Road Notes: Day 130
Out by 10am. That’s what I was told. I woke up at 7:30 to start packing. This wouldn’t have been terrible, except that our neighbors have a favorite song and that song is “Don’t Stop Believin'” by Journey which they played 5 times back to back and I didn’t have the energy to put up a fight. We are packed and ready to go by 10. But some of our neighbors haven’t even begun to stir. What’s the rush. We decide to go for one more awkward public shower before hitting the road. Then, we are off. We have a general direction in mind. No plans. No place to stay. But all of that can be discussed on the road. After all, we have about seven hours of driving ahead of us.
Leaving, I can’t help but think about how Branden and I almost moved to Austin. The beginning of our relationship was really a whirlwind. We started dating really quickly, and I moved in with him about two months after that. We were both in Ohio at the time, and we knew we didn’t want to stay there for long. I wanted to move to LA, but Branden had already spent a few years there. We had pretty much decided on giving Austin a try, without ever having visited. Then I got a call from a friend who had a room open up in her LA condo. We decided it was too good of an opportunity and went to LA instead. The entire time we have been here, I've been considering what it would have been like if we came to Austin instead. I have to admit that I didn’t initially fall for this city as hard as I thought I would. I’m sure we would have been perfectly happy in Austin, and maybe in the future it would be a cool place to stay put for a while. In some ways, Austin actually does remind me of LA. Driving through the hills near our campsite truly feels like the winding roads of Mulholland Drive. Great shopping. The impossible task of finding parking downtown. At the risk of making this sound like a diss on Austin, being here has made me appreciate the experience we had in LA at the time we had it.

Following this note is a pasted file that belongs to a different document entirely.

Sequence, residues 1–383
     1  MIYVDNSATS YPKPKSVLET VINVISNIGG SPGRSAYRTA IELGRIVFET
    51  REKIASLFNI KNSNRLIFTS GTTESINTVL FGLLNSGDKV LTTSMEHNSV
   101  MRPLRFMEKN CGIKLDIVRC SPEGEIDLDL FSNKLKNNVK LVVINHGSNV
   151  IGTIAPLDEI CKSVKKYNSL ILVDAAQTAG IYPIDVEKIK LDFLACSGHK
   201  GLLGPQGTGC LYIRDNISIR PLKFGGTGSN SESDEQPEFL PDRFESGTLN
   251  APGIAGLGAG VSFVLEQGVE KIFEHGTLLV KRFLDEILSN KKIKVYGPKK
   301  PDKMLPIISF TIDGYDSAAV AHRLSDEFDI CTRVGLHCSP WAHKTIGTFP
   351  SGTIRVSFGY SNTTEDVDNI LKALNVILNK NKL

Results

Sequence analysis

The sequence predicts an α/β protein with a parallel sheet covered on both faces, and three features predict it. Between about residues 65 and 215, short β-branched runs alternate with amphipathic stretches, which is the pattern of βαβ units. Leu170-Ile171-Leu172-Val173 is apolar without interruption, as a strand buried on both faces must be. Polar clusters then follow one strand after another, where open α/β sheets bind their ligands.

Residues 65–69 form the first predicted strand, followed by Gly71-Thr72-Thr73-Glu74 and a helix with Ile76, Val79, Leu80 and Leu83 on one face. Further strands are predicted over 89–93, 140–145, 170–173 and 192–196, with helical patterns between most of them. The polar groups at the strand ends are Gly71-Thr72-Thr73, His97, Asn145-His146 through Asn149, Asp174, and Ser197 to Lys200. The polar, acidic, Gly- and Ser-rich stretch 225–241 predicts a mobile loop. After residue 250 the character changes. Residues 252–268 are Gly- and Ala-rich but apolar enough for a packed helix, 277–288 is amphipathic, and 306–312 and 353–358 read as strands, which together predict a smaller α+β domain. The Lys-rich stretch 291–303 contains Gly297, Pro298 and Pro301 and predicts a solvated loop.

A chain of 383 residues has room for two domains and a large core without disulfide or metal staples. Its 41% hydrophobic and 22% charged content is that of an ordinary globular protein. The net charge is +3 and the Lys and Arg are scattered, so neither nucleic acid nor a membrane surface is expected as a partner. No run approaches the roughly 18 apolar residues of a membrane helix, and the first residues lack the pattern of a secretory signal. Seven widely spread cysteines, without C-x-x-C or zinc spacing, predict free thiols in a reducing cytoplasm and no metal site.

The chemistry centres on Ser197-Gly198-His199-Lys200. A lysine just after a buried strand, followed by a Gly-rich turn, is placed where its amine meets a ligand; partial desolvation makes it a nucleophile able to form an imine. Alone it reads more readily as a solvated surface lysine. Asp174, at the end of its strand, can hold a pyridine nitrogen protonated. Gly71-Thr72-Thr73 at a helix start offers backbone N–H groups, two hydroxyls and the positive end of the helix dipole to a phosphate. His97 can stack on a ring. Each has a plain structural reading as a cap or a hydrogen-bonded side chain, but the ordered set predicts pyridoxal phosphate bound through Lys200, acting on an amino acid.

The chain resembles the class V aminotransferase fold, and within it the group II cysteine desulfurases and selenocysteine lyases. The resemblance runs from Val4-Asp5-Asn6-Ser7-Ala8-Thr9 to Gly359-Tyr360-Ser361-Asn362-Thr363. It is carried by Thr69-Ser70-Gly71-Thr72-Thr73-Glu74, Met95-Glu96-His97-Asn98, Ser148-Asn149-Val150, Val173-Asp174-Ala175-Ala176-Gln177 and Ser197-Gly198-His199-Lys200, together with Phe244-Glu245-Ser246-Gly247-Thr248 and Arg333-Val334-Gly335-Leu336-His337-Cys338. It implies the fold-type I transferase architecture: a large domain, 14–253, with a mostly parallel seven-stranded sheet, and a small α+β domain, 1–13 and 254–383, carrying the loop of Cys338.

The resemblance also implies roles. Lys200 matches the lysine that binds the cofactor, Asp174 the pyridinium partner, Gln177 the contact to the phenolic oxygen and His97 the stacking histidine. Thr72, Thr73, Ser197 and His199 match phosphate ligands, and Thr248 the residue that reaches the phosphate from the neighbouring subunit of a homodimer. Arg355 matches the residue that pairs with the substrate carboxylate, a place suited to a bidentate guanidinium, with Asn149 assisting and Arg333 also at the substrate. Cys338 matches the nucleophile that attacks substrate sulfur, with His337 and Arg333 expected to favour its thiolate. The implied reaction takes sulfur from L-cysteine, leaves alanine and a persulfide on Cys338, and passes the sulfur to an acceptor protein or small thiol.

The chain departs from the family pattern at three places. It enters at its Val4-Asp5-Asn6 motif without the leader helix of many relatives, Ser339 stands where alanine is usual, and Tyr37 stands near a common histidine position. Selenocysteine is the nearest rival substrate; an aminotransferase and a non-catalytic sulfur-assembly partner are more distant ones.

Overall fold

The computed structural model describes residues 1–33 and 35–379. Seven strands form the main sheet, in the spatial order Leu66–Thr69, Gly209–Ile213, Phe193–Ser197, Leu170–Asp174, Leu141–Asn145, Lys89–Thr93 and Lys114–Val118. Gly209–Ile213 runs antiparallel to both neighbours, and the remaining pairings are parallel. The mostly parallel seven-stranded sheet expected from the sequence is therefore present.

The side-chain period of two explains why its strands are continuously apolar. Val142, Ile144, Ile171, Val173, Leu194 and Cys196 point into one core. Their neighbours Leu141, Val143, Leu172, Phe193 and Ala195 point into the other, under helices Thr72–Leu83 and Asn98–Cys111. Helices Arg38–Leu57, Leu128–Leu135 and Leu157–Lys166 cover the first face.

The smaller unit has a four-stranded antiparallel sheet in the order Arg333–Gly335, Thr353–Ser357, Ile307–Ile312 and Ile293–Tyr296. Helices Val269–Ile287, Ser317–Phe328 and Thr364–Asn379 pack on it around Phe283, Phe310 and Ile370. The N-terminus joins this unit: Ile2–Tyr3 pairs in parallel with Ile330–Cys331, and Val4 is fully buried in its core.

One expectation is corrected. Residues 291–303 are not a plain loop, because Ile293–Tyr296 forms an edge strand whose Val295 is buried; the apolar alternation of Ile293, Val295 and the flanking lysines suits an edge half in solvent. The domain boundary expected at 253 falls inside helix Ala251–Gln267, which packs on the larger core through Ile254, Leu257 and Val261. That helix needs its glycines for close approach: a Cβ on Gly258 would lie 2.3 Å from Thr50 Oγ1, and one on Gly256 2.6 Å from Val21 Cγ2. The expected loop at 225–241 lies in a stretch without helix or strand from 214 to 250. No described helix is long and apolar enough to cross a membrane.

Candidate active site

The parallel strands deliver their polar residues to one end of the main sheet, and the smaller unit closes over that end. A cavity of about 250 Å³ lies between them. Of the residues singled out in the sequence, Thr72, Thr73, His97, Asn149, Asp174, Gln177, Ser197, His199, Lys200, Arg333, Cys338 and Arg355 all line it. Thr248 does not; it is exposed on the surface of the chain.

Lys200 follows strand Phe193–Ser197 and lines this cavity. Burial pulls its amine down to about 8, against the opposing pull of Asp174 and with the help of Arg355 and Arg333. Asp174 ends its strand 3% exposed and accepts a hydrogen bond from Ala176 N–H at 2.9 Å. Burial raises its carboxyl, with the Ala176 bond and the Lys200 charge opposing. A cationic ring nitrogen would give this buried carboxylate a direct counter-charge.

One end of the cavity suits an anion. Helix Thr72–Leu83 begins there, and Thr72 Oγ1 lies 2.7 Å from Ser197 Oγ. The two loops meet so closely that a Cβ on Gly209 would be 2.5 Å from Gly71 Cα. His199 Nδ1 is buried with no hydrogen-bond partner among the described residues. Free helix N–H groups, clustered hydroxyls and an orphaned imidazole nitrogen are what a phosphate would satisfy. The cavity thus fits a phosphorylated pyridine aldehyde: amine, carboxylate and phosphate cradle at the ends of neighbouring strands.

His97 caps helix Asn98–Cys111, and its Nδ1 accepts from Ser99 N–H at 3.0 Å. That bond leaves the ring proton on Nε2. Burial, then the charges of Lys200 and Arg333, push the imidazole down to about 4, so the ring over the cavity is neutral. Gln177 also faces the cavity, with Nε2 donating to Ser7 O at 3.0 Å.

Driving through Texas is breathtaking. More than any other landscape, the desert just seems stuck in time. We passed through ‘Texas wine country,’ which I just thought was probably some cute novel description but seems to be sprawling and legit. We stop in Fredricksburg for lunch. The sign to the town said “Willkommen” and we said wtf. This is an historically German town in the middle of Texas. Every restaurant served spaetzle, schnitzel, and sausage. Yes please. After a quick frolic for me to pick some wildflowers (because I am a nerd and like to press flowers), we get back on the road.
We drove. And drove. And drove. For about 7 hours.
It was dark when we arrived in Marfa, close to midnight. Fortunately for us, overnight parking is allowed at all Texas rest stops and picnic areas. The Marfa Lights viewing station qualifies. Free camping. Ye$.
We parked and headed over to see if we could see these mystery lights. Never heard of them? Here is the story:
On clear nights, you can see strange orbs on the horizon near the Chinati Mountains. The lights are different colors. They disappear, reappear, and bounce around. Sometimes they move all in the same direction, sometimes in different directions. The earliest report was from 1883 from a cowboy who thought they were Apache campfires. The Apache thought the lights were falling stars. Today, there are many theories: UFOs, headlights on a distant road, military testing, electrostatic discharge, etc. One thing is certain…it is still a mystery. Those that have tried to locate the lights experience an unusual phenomenon. The lights that can be seen from a distance cannot be seen up close. The signs at the viewing station said something about “atmospheric conditions produced by the interaction of cold and warm layers of air bend light so that it can be seen from afar, but not up close.”
It was cold. Branden went to the camper to make us a Hot Toddy of sorts to warm us up (Four Roses, PX Sherry, China China, apple cider vinegar, cinnamon). Our viewing neighbors said that they had been at the viewing station many times, and this was one of the most active nights they had witnessed. We are skeptics. Deep skeptics. But this was...weird. My first inclination was to say that they were merely headlights. But these didn’t behave like headlights. At all. I’m sure there is a scientific explanation, but that doesn’t make the viewing experience any less magical.
Road Notes are timed entries—written in thirty minutes or less at the end of each day. Considerations are made for spelling/legibility but not for grammar. Deal with it.